Tuesday, November 11, 2008

Stimulus, Debt and US Debt Ratings

From Paul Krugman:

So we need a fiscal stimulus big enough to close a 7% output gap. Remember, if the stimulus is too big, it does much less harm than if it’s too small. What’s the multiplier? Better, we hope, than on the early-2008 package. But you’d be hard pressed to argue for an overall multiplier as high as 2.

When I put all this together, I conclude that the stimulus package should be at least 4% of GDP, or $600 billion.

From CNBC:

The United States may be on course to lose its 'AAA' rating due to the large amount of debt it has accumulated, according to Martin Hennecke, senior manager of private clients at Tyche.

"The U.S. might really have to look at a default on the bankruptcy reorganization of the present financial system" and the bankruptcy of the government is not out of the realm of possibility, Hennecke said.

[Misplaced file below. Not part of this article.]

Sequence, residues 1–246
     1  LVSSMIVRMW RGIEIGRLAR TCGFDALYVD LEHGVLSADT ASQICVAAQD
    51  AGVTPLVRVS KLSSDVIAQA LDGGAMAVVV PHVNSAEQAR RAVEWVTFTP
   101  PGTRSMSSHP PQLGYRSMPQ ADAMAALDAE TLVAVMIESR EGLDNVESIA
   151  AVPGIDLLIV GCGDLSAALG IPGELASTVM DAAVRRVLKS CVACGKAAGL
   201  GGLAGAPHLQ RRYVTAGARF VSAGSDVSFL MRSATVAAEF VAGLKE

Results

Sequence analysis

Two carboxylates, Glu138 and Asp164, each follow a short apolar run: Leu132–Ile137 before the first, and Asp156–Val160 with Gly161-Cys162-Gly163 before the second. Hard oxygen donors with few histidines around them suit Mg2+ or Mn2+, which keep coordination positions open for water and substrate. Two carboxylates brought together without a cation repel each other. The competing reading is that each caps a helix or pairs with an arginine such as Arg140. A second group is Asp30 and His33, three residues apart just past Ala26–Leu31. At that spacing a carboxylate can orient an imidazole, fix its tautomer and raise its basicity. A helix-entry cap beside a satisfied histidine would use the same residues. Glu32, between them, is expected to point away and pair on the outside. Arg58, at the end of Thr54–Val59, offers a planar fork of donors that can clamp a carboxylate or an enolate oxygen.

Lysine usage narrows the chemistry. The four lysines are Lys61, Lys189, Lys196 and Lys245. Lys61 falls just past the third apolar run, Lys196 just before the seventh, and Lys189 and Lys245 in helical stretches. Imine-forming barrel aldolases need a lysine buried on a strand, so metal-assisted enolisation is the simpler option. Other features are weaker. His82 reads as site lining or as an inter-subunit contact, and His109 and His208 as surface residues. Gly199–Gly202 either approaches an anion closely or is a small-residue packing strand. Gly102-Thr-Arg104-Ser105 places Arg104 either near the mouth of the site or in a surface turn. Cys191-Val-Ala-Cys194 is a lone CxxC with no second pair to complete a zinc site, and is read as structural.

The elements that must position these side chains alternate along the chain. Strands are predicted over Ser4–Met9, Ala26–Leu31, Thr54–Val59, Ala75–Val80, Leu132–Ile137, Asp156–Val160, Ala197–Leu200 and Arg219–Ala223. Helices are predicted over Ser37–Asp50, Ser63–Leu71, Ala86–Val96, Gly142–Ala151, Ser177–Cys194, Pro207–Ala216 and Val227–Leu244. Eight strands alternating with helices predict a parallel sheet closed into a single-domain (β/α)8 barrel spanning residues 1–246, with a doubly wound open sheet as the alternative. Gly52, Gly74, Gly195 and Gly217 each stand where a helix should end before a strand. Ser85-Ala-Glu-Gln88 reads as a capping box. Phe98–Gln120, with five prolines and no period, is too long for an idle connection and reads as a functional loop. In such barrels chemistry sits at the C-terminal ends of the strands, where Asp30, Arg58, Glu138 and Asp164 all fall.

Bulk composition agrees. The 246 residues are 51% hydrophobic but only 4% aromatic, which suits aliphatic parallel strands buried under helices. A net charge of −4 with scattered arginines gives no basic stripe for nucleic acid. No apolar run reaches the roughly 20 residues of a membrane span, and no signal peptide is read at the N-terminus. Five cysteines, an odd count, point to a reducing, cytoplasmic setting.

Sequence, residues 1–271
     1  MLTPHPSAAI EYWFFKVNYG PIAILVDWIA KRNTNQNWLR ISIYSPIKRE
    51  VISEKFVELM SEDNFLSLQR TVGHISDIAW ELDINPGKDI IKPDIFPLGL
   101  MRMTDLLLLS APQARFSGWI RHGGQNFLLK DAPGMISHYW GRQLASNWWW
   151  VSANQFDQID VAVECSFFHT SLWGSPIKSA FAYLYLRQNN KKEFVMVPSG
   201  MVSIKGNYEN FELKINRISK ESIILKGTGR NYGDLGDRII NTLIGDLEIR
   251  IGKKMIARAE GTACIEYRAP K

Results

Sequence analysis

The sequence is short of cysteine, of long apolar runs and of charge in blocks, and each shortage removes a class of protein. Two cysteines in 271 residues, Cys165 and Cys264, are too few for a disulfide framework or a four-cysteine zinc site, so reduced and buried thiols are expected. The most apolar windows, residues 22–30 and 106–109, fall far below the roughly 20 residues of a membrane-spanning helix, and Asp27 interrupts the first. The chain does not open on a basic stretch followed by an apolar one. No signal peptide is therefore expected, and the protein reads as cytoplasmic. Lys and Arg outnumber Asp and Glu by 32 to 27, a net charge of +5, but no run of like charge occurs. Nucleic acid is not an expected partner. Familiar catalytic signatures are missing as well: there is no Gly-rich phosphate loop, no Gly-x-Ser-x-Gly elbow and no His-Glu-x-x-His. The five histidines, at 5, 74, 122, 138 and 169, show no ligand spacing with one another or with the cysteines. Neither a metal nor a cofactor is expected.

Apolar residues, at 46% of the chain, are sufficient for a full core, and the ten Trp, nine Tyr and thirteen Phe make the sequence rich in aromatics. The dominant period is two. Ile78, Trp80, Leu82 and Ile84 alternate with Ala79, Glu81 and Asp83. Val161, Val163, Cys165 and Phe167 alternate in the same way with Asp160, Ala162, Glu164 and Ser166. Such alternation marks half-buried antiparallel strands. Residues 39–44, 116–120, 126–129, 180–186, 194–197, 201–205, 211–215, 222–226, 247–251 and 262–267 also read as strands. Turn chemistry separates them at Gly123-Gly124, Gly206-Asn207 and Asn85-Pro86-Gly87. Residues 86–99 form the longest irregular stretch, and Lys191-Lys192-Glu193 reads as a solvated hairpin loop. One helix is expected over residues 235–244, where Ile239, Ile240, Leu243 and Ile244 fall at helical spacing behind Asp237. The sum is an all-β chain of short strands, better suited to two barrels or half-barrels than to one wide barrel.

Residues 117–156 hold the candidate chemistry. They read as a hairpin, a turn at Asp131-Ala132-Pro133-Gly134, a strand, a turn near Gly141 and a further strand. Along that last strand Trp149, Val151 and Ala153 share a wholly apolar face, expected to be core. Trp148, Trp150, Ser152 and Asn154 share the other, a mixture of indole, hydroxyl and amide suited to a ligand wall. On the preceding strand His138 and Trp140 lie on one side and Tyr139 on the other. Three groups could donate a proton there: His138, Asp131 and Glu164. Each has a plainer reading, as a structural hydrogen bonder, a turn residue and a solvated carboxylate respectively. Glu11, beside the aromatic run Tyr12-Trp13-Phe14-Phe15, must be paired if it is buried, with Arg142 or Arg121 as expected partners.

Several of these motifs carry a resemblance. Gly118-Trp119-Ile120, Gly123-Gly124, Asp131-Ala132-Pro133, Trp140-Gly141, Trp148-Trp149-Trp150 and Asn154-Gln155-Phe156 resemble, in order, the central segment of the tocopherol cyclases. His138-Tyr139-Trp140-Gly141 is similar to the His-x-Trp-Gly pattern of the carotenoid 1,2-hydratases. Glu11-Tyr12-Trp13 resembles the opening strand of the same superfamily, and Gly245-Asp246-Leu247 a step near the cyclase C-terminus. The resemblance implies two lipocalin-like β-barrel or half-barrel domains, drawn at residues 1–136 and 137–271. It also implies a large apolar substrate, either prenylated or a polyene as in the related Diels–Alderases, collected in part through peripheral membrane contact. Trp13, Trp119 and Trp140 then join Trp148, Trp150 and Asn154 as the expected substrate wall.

This is only one man's opinion so it's obviously open to debate.

Let's look at this from a debt/GDP perspective. Right now total US debt is about $10.5 trillion while total GDP is about $14.4 trillion (or so). That makes debt/GDP roughly 72%. With the economy contracting the $14.4 trillion will remain the same. So let's increase total US debt to $11.5 trillion. That brings debt/GDP to roughly 80%. While I don't think that means loss of the AAA rating, I do think it puts upward pressure on rates making all that debt far more uncomfortable for policy makers.